Arslanbob: mountain village in Kyrgyzstan
I made it to Osh a few days earlier than I expected. My flight isn’t for another couple of days and Osh is not that exciting to just hang out there. Talking to other travelers and consulting the guidebook, I decided to drive up to Arslandbob, about four hours from Osh. It is a quaint little village at about 1’600 meters with a mountain backdrop that reminded me of Switzerland.
The village is predominantly of Uzbek ethnicity and probably the most conservative I have seen in the region.
About 16 years ago with the help of Helvetas, the organization Community Based Tourism (CBT) was set up in Kyrgyzstan with the aim of linking up tourists with locals. The office in Arslanbob is particularly active and has managed to go from 32 tourists a year to 3’000. Still low numbers but they are getting there. As of lately they have also been trying to develop rock climbing as well as winter sports.
Getting to Arslanbob was fairly straight forward. I took a bus from Osh to Kyrgyzstan’s third largest city, Jalal-Abad and from there another bus to nearby Bazaar-Korgon. From there another bus finally to Arslanbob. It was probably just pure luck but transfers lined up nicely and I didn’t have to wait for more than five minutes in either city.
Arriving in Arslanbob, I went to the CBT office to book accomodation. They have nearly 20 guest houses and a quick call later I was booked into “Guest House Nazira”. A short walk from town, I was welcomed by Nazira (a grandmother) and her daughters and granddaughters (no men around as around 30% of Arslanbob’s male population works in Russia… side note: the Russian Ruble has lost significant value to the Kyrgyzstani Som recently). It was a simple but charming guest house with two rooms. I met another traveler there and we went back to the CBT office to organize horseback riding for the following day.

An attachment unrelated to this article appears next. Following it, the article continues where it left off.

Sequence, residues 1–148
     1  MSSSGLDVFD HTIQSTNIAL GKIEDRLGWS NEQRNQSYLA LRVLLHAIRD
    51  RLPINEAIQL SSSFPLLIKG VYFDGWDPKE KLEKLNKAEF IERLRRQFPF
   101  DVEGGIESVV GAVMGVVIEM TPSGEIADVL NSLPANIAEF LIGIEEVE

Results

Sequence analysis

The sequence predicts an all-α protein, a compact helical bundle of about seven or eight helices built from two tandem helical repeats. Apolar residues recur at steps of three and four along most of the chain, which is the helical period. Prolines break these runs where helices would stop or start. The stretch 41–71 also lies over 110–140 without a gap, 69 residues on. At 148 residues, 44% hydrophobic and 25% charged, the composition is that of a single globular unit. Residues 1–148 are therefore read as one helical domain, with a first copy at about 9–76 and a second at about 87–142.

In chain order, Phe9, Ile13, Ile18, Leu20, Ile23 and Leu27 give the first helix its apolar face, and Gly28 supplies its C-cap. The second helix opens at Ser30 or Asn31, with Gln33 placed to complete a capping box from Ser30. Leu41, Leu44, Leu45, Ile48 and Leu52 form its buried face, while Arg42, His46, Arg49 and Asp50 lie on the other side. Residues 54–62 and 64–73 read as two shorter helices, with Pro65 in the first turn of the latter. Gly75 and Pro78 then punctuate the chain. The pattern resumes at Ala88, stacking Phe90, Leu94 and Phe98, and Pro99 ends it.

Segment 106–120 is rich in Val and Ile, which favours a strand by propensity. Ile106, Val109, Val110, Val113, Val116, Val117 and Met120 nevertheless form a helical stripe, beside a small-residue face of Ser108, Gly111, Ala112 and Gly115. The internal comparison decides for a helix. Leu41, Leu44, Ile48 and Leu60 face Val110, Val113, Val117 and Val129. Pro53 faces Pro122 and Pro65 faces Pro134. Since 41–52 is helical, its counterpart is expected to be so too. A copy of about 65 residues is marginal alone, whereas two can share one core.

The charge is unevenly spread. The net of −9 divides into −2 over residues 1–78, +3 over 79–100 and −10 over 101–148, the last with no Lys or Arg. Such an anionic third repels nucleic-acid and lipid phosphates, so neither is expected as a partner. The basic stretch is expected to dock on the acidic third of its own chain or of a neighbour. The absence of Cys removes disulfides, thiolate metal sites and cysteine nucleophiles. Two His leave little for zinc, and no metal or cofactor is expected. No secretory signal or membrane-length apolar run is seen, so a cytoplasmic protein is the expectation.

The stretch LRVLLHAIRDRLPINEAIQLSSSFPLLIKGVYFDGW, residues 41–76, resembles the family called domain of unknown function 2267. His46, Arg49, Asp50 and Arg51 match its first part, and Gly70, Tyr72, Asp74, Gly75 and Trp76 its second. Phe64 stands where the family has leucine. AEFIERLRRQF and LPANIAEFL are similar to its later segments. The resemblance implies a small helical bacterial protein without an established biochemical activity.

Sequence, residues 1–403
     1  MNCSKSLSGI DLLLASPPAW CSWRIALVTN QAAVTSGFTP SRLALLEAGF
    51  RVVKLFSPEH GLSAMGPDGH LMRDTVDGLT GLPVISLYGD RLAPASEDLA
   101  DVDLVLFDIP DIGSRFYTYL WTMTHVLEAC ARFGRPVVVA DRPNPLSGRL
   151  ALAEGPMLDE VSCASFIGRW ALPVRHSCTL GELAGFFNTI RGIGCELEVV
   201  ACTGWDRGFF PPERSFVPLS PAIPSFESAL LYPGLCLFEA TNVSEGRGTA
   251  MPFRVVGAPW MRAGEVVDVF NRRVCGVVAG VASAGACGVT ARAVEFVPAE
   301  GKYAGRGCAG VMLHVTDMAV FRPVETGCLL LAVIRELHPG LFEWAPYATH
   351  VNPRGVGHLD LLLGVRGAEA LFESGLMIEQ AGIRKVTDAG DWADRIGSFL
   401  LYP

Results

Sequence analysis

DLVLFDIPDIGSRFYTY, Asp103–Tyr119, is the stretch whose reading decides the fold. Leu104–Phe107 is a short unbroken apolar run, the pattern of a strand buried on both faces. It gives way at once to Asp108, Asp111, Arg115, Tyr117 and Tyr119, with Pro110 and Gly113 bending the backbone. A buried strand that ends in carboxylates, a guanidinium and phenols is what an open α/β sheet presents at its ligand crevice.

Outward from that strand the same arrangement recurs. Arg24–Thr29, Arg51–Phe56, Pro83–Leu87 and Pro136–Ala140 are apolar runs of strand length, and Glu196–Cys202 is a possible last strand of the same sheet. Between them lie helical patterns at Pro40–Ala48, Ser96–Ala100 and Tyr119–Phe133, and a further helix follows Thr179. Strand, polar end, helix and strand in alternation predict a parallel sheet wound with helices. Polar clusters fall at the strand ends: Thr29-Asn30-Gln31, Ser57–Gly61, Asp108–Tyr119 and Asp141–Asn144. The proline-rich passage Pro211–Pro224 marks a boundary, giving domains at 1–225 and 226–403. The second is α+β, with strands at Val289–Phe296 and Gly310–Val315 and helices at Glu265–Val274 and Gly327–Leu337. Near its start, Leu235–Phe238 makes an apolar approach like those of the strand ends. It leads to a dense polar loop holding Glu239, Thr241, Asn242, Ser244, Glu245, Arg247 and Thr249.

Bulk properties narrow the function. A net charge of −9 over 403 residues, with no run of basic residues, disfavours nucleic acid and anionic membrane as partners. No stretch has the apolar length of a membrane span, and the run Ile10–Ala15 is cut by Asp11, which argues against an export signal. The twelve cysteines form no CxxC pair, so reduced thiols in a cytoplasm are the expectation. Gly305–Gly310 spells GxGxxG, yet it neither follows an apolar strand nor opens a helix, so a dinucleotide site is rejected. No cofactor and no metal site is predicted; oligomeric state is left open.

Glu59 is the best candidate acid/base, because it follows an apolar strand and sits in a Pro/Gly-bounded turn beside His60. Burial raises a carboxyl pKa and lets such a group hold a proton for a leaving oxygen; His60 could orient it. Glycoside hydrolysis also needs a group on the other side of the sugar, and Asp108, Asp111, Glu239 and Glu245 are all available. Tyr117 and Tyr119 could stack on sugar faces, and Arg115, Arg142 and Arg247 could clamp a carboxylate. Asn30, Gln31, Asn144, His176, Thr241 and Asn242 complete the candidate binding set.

I had read in the guide book that the CBT office tends to over-staff the trips slightly, so I wasn’t surprised to be greeted by a tour guide and two “fixers” taking care of the horses (we were a group of four tourists). Later we were joined by a lunch cooking team of four. But I’m not complaining as the tour was still very good value at KGS1’900 per person (SGD38).
We rode around the region to a small waterfall, a panorama lookout point, the world’s largest walnut forest and the big waterfall.
We were back in town after nice trip at around 4pm. The first night dinner at Nazira’s was not that exciting so we wanted to grab so food in town the second night. Epic fail. Everything was closed. We ended up eating raw tomatoes and cucumbers in our guest house.
After two relaxing days in Arslanbob I made my way back to Osh for a last day before flying back.